He makes numerous talking points in his book, interviews and blog posts to support this allegation.  He writes about Leo Rosa (Son of neurodiversity proponent and one of the authors of the thinking person’s guide to autism), a boy on the lower end of the spectrum, stating that Kanner’s influence still prevailed by the time this boy, not born until the twenty-first century by the time he was diagnosed.

Silberman posts the following comment on the Marginal Revolution blog:

The most significant and obvious way in which Kanner’s understanding of autism was monolithic is that every patient described in that paper is a child. Kanner’s model of autism did not include teenagers and adults. That’s not exactly his fault — he was a child psychiatrist. But the exclusion of teenagers and adults from autism was an omission of Kanner’s that Lorna Wing went on to fix with the invention of Asperger’s syndrome (Wing, “Asperger’s syndrome: A clinical account, 1981) and the broadening of the criteria to include all age groups (as well as the expansion of the lay concept of autism to include adults that followed “Rain Man.”) And note: even in that 1943 paper, Kanner makes the surprising assertion, “There is no fundamental difference between the eight speaking and the three mute children.” That’s overlooking a lot of heterogeneity for the sake of delineating a category. Lorna and Judith Gould originally felt that “Kanner’s autism” as a useful concept should be thrown away (“the findings of the present study bring into question the usefulness of regarding childhood autism as a specific condition” – Wing and Gould, 1979); but they ended up compromising and creating the image of the spectrum, which echoed Asperger and Georg Frankl’s concept of the autistic “continuum” that included children and adults.

In his book, Silberman states that Kanner would have excluded an individual that his colleague George Frankl (allegedly formerly Asperger’s colleague) had written about for an autism diagnosis because he had the genetic condition tuberous sclerosis.  He writes that epilepsy was also a basis on which Kanner excluded diagnoses of autism.  Silberman quotes writer Adam Feinstein, author of “The History of autism”, as stating he’d only seen 157 cases of autism by 1957 and that Bernard Rimland had stated that Kanner told him he’d excluded nine out of ten people that other doctors had referred to him for a possible diagnosis as being autistic. 

Before examining these talking points, here is Kanner's original article He also followed the cases into adulthood nearly thirty years later.

In actuality, there was a wide range of functioning between the eleven children whom Kanner (and perhaps George Frankl and others) evaluated.  Eight out of eleven of them had speech and could carry on semi-normal conversations.  Silberman, to bolster his argument, quotes Kanner as saying “There is no fundamental difference between the eight speaking and the three mute children.”  However, he omits the first part of this sentence.  As far as the communicative functions of speech are concerned, there is no fundamental difference between the eight speaking children and the three mute children.  Silberman then talks about Kanner’s description of some of the eight speaking children and how Kanner emphasizes their speech deficits, but neglects to cite the parts of Kanner’s 1943 paper where he emphasizes some of the instances of speech in the so-called mute children.  So, it was only in terms of speech, citing both the idiosyncratic speech of the eight milder children and some instances of speech in the more severely afflicted three cases.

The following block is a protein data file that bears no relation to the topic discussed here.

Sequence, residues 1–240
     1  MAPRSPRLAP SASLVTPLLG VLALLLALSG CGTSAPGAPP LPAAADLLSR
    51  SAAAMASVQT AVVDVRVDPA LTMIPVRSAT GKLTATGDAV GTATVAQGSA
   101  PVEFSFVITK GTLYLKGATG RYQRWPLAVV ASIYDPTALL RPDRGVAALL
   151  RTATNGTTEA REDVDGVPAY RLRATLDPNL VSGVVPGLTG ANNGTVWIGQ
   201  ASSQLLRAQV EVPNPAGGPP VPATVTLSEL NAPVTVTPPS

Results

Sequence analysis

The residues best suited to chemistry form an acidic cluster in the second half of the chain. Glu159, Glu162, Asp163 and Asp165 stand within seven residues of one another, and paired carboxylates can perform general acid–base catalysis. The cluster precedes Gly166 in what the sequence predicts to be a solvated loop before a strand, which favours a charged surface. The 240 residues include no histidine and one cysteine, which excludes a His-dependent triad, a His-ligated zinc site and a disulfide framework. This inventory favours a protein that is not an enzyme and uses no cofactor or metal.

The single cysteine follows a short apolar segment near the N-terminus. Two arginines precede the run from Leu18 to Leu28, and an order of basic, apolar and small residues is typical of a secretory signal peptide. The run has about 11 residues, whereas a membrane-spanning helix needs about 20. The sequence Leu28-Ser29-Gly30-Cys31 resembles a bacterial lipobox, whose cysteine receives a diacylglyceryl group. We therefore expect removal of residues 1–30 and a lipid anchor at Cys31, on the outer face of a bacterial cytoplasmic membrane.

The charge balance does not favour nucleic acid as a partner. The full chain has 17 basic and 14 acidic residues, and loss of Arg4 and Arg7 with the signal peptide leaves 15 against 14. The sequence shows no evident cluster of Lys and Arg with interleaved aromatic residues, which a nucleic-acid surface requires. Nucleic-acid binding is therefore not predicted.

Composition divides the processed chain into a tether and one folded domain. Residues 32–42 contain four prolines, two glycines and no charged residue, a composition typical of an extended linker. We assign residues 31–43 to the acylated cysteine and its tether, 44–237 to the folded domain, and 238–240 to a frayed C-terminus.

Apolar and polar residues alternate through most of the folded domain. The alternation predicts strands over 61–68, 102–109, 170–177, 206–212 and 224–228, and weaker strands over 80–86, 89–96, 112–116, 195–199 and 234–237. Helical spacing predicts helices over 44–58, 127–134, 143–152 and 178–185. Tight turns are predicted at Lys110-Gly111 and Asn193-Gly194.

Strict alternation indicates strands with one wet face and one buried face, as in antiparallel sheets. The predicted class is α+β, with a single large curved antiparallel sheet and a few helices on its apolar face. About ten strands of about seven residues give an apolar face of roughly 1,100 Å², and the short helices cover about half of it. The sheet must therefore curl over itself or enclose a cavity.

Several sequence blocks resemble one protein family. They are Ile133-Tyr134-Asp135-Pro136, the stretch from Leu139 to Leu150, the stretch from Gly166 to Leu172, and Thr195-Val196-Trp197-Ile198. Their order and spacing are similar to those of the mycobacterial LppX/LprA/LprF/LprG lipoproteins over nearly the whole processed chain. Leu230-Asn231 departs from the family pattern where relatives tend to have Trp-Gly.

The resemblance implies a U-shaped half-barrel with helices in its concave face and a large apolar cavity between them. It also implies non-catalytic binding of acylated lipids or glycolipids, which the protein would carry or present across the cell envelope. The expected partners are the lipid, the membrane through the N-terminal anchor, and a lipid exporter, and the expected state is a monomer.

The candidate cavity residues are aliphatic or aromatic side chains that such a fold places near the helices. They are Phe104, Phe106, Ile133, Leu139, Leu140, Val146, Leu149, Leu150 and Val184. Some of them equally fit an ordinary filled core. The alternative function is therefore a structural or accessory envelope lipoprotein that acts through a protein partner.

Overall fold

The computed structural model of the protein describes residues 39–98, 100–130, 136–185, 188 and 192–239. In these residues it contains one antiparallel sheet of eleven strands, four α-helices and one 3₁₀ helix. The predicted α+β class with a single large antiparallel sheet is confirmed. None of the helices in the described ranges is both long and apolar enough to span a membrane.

Kanner’s first two cases, Donald and Fredrick, would be considered high-functioning even by today’s definition where a high percentage of autistics are still considered to have intellectual disabilities.  Alfred, one other case had an IQ tested at 140.  Even one of the mute chldren, Virginia, scored 94 on the Merril-Palmer nonverbal IQ test and the testing psychologist stated that this was likely an underestimation of her intelligence.  Some of the others would be considered more severe so there was a wide range between Kanner’s cases.     

Kanner ends his paper by stating that autism may be more common than it appears as well as emphasizing differences between the kids:  The eleven children offer as to be expected offer individual differences in the degree of their disturbances.  But even a quick review of the material makes the emergence of a number of essential common characteristics appear inevitable.  These characteristics form a syndrome not heretofore reported which seems to be rare enough yet is probably more frequent than is indicated by the paucity of observed cases. 

In spite of Silberman’s allegations, Kanner seemed to have been far more prescient than almost all of his successors to date as far as taking an interest in adult autism.  In the first paragraph of his 1943 paper he writes:  Since none of the patients has obtained an age greater than eleven years this must be considered a preliminary report to be enlarged upon as they grow older. 

Kanner indeed kept his promise, publishing a follow-up paper on his eleven charges in 1971 when he was well into his seventies.  He first reports on Donald T, who has done relatively well in spite of his autism, obtaining a college degree and working as a bank teller and would certainly not appear to be low functioning as an adult.  He reports on Frederick W who worked at the national office of air pollution and was lauded by his supervisor.  Another individual, Herbert, though still mute worked on a farm and carried out useful tasks.